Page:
A delay to building work on a controversial primary school expansion will not stop the scheme going ahead, according to the borough’s new schools chief.

Builders were due to move in to St Mary’s and St Peter’s CE Primary School, in Teddington, on July 5 and start work to enable the school to be enlarged from two to three forms of entry by September 2011.

Councillor Paul Hodgins, Richmond Council cabinet member for schools, said no work could begin at the Somerset Road school until full Government sign-off had been received.

He did, however, confirm the new Conservative administration at the council were committed to the scheme.

Coun Hodgins said: “I have spoken with concerned parents on many occasions and discussed their objections, which I fully understand.

“The outside space at our schools is already at a premium, and no one wants the disruption of a building project over two years while their children are trying to learn.

“However, I have to balance this with the growing demand we have for primary places in our borough, together with the limited options for space in the right locations, and our now very limited financial resources.

“I also have to take into consideration the views of the headteacher, the board of governors, and local councillors, all of whom are in favour of the project going ahead.

“One of our key manifesto pledges at the election was to ensure that our borough has enough primary places to supply the growing demand, which is why we have not felt that we could scrap this project [despite parents’ objections].”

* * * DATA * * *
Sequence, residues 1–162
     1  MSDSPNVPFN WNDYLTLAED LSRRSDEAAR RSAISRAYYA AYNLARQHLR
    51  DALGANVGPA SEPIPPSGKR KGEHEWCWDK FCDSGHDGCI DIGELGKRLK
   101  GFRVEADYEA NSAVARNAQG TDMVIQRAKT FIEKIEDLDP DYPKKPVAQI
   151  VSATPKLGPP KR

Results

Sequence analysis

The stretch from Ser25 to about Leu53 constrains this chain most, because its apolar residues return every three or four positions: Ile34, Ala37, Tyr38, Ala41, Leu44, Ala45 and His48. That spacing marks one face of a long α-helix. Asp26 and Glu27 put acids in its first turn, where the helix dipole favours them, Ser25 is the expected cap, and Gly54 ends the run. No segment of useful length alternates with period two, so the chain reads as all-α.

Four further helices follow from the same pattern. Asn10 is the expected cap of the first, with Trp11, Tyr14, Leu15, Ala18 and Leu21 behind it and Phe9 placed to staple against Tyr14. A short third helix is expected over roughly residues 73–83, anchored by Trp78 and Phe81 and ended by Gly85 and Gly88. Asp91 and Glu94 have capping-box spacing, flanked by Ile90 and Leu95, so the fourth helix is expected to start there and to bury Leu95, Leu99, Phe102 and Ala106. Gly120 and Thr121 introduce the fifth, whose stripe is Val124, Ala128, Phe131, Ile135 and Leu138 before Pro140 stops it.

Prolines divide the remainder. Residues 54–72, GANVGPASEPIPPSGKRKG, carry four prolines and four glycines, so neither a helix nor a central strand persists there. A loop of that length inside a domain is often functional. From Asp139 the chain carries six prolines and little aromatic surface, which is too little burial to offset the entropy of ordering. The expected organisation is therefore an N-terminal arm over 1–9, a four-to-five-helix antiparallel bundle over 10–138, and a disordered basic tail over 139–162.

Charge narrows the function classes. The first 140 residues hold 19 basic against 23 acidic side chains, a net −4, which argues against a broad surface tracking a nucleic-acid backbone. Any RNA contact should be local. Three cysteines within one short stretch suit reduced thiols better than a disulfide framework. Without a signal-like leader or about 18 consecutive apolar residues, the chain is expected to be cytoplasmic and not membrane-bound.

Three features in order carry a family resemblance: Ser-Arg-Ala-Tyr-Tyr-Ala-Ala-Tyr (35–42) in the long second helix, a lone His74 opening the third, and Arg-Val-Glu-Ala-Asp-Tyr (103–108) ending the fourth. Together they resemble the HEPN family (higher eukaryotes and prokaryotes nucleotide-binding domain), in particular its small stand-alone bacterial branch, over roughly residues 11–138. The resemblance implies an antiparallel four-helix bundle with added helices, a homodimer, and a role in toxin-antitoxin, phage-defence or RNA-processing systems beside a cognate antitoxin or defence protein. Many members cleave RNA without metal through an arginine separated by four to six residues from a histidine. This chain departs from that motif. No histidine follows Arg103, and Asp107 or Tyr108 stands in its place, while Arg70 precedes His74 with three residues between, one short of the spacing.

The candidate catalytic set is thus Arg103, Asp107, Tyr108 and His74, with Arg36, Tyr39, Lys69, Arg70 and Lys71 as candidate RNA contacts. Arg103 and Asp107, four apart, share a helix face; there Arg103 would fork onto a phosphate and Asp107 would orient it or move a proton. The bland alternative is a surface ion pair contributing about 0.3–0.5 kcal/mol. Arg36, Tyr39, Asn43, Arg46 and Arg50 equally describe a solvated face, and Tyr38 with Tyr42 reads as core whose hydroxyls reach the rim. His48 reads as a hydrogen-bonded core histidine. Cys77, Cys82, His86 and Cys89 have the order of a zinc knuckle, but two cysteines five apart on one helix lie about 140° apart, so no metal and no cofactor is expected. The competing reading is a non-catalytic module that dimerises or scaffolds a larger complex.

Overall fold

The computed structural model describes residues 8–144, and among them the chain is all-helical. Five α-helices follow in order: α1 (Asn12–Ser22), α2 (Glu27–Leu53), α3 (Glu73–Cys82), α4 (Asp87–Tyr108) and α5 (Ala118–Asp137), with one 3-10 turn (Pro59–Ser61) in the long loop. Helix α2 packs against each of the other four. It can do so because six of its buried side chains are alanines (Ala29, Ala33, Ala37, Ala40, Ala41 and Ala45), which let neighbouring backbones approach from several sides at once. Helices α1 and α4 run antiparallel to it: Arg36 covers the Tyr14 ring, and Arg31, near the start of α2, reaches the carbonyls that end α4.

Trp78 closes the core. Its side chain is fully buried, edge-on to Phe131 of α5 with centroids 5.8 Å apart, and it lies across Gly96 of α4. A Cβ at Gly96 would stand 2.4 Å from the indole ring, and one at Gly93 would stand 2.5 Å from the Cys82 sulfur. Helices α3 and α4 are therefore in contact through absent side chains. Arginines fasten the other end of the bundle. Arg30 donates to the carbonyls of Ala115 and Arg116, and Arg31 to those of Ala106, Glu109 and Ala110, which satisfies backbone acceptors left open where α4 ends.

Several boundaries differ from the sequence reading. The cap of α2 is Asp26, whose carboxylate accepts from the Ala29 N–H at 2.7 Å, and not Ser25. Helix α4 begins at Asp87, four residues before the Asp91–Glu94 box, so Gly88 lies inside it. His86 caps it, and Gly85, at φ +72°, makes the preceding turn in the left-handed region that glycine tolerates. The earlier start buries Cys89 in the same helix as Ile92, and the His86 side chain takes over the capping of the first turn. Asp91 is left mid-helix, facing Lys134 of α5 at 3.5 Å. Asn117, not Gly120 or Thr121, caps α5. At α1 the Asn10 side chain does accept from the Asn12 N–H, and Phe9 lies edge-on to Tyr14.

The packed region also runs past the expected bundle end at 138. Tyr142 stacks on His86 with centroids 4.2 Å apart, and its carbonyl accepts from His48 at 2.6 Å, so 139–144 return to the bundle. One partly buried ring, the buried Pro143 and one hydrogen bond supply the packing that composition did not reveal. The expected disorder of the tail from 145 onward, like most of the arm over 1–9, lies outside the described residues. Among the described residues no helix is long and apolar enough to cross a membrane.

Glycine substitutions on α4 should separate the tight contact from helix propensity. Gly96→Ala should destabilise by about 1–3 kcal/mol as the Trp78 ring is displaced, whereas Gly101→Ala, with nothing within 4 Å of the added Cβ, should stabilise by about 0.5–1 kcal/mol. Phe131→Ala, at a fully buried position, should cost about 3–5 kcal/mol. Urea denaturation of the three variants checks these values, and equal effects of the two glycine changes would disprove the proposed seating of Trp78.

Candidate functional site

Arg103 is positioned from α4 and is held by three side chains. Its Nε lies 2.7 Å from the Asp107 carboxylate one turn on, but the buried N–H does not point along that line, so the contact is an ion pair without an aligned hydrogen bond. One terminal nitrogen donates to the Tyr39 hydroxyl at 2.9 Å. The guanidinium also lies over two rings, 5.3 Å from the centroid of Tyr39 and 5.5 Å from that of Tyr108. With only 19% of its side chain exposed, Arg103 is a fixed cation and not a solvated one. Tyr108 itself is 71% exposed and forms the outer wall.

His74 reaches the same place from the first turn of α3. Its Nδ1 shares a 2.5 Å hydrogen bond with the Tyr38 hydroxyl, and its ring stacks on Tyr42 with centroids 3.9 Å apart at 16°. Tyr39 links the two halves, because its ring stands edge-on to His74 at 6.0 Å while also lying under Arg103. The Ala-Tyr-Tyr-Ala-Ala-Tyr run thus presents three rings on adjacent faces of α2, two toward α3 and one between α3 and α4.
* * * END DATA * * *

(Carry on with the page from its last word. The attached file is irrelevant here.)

Richmond Council’s planning committee approved the second design for the provision of additional buildings at the school earlier this year after the first had been condemned by sporting bodies including the Football Association and Sport England.

The Government Office for London backed the plans but parents have been critical of many aspects of it, including the lack of outdoor space for their children.

The first set of plans would have left the school with about a quarter of the outdoor space needed for team sports. Although the new scheme has increased the area available it still needs a Government relaxation on the amount of space before it can be built.

Coun Hodgins explained: “The relaxation order was applied for many months ago, but unfortunately a decision was not made before works were scheduled to start.

“If it is ultimately not granted, then legally the scheme cannot be completed.

“The Department for Education is currently considering the request, and I've been told that a report is going to ministers this week for a decision.”

Parents at the school have been in communication with Coun Hodgins and been critical of the way the scheme has been handled.

Graeme Tallantire, a parent, has been so incensed with the reaction of the new Conservative administration he has resigned from the party just over two months after standing for election as a Tory - a move described by Coun Hodgins as “unfortunate”.

Headteacher John Logan has also come in for criticism but has firmly backed the scheme and said he had every confidence it would be completed, although he admitted the delays could cause changes to the building schedule.

It is understood the delays may be costing £10,000 a week.

Coun Hodgins added: “The previous administration signed a letter of intent with the contractors for the project, and the penalties for the delay are only determined when the contractor makes a claim.

“This will be dependent on what happens with the project overall, and we will be working to minimise the penalties and the cost to our residents.”